Positive, negative or both? Assessing emotional appeals effectiveness in anti-drink driving advertisements

Journal article


Yousef, Murooj, Dietrich, Timo and Torrisi, Geraldine. (2021). Positive, negative or both? Assessing emotional appeals effectiveness in anti-drink driving advertisements. Social Marketing Quarterly. 27(3), pp. 195-212. https://doi.org/10.1177/15245004211025068
AuthorsYousef, Murooj, Dietrich, Timo and Torrisi, Geraldine
Abstract

Background:
The use of advertising to influence social behavior is one element of social marketing campaigns. While it is known that informational appeals are less effective in changing social perceptions and behaviors, the literature presents mixed and inconsistent results of which appeal (i.e. positive negative or both) is more effective in changing social behavior. The purpose of this study is to investigate the effectiveness of positive, negative and a combination of both appeals on young adults’ drink driving perceptions.

Focus:
This article is related to research and evaluation of the social marketing field.

Research Question:
Which, if any, of positive, negative or combination of both emotional appeals, is most effective in changing young adults’ drink driving attitudes, norms and intentions and how well do intentions explain behavior?

Importance to the Field:
The study builds on, and extends previous research exploring the effectiveness of emotional appeals, contributing to the literature by exploring both emotional appeals along the testing of each appeal separately. The research also validates the TRA’s utility beyond previously explored contexts. At a practical level, the research informs the work of advertising message design. It is recommended that, social marketers consider combined emotional appeals approach when designing messages.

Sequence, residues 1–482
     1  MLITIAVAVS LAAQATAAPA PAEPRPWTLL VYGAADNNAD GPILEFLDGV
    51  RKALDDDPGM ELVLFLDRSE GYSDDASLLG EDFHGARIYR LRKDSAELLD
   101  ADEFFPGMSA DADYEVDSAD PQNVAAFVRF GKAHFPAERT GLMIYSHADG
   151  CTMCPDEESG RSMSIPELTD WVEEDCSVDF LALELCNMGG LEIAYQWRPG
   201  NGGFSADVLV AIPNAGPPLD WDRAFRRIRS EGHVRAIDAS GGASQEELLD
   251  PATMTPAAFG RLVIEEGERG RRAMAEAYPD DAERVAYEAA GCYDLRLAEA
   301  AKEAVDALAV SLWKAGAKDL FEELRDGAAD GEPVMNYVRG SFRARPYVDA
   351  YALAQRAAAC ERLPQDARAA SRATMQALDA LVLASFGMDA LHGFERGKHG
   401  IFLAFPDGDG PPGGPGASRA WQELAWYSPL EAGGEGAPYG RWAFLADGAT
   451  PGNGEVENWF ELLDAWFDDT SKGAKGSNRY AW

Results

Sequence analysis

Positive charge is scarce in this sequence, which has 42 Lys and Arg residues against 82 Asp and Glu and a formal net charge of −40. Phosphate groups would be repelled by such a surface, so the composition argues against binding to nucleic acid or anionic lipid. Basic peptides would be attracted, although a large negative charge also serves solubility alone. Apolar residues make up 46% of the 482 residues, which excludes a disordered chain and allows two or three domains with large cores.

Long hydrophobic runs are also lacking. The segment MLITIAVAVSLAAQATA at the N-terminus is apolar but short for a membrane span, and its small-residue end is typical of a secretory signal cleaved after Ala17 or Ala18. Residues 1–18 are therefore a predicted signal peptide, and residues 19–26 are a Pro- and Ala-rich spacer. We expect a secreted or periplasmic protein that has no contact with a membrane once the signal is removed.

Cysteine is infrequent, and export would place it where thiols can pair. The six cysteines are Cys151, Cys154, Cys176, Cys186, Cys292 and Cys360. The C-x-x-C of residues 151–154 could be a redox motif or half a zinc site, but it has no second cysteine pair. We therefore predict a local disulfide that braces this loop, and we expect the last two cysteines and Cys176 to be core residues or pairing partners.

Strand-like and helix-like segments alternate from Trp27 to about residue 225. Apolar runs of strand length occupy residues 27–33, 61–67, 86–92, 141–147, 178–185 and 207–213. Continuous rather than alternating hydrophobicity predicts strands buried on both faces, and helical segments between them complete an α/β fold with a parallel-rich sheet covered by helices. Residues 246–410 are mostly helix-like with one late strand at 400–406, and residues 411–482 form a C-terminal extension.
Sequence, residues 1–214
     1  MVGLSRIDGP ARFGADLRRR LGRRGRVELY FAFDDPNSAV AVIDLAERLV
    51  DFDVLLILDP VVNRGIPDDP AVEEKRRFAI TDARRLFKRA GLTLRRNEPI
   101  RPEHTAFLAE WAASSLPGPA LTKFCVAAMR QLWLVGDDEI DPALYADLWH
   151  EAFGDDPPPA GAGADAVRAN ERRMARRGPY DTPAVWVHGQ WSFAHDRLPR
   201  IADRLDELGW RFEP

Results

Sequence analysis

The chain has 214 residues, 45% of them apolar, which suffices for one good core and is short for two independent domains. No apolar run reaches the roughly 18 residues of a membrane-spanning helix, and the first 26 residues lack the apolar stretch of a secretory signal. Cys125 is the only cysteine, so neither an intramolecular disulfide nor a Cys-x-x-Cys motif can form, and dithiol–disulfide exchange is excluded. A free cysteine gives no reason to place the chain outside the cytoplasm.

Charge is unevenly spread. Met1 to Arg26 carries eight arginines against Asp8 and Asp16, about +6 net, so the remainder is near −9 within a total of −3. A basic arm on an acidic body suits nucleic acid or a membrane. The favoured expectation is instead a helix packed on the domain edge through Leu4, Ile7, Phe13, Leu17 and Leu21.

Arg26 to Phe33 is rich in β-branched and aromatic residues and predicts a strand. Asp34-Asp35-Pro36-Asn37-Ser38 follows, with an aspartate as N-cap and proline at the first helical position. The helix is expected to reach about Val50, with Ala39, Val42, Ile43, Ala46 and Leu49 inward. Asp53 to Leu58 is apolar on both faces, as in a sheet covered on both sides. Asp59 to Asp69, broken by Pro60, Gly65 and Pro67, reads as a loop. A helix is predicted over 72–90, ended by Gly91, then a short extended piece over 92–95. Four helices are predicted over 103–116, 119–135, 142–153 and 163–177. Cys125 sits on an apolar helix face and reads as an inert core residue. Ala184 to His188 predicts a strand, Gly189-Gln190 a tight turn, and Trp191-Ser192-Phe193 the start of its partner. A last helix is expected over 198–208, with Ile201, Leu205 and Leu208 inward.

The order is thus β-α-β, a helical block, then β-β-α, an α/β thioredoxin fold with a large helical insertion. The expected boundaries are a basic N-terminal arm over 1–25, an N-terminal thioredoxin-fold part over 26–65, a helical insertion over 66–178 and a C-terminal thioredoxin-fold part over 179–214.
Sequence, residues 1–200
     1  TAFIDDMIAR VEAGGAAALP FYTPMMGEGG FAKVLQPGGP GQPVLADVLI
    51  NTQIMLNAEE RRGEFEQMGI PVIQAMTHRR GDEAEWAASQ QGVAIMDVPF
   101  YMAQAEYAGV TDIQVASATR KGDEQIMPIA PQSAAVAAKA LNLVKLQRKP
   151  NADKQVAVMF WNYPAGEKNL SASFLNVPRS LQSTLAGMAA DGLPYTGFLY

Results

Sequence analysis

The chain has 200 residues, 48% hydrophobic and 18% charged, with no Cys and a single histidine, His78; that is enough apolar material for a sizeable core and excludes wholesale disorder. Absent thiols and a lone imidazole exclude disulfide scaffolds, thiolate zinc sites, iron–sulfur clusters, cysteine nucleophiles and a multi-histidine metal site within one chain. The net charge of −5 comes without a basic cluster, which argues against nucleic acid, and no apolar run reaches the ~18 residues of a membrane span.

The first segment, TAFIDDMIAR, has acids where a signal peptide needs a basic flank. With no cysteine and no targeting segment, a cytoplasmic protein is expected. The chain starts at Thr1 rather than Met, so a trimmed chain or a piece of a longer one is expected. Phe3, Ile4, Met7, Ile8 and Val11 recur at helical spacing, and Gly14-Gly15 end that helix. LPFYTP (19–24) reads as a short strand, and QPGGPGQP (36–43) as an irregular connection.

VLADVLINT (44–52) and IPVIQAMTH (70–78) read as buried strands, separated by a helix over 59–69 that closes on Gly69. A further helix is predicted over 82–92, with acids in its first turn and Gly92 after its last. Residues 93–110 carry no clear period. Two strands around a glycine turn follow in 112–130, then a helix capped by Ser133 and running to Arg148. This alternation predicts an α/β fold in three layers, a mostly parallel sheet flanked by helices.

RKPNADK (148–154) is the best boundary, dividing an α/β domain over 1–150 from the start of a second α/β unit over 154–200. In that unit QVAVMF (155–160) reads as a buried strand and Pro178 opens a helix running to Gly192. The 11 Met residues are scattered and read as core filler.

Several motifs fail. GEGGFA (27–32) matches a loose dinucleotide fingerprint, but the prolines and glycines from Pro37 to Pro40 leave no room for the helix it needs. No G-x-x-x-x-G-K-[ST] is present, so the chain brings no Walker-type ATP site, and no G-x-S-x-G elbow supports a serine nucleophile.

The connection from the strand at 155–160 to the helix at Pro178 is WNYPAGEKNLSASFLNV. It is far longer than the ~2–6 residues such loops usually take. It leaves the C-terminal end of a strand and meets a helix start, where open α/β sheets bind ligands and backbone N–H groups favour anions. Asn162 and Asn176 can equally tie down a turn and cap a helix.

Methods:
Respondents were randomly exposed to one of three emotional appeals (positive, negative or both) and asked to complete a questionnaire about their attitudes, norms and intentions to drink drive before and after exposure. Two analyses were used, Partial Least Squares Structural Equation Modeling to validate the Theory of Reasoned Action (TRA), and paired sample t-tests to assess change of perceptions over time between the three groups.

Results:
First the study found the TRA to have a strong predictive utility in explaining drink driving intentions. Second, the combination of both positive and negative emotional appeals was found more effective in changing drink driving attitudes, norms and intentions of young adults.

Recommendations for Research or Practice:
The study recommends that, social marketers consider combined emotional appeals approach when designing messages. However, further investigation is required to confirm this recommendation and as in any campaign, pre-testing the advertisements with the target audience is a must.

Limitations:
The key limitations of the study include the use of non-probability sampling, self-reported data, and varied exposure times. Future research should utilize autonomic measures to accurately assess perceptions and emotions as well as unifying the time of exposure for all emotional appeals.

Keywordssocial marketing; advertising; emotional appeals; drink driving; theory of reasoned action
Year2021
JournalSocial Marketing Quarterly
Journal citation27 (3), pp. 195-212
PublisherSAGE Publications
ISSN1524-5004
Digital Object Identifier (DOI)https://doi.org/10.1177/15245004211025068
Scopus EID2-s2.0-85108852746
Open accessPublished as green open access
Page range195-212
Author's accepted manuscript
License
File Access Level
Open
Publisher's version
License
All rights reserved
File Access Level
Controlled
Output statusPublished
Publication dates
Online22 Jun 2021
Publication process dates
Deposited09 Jun 2023
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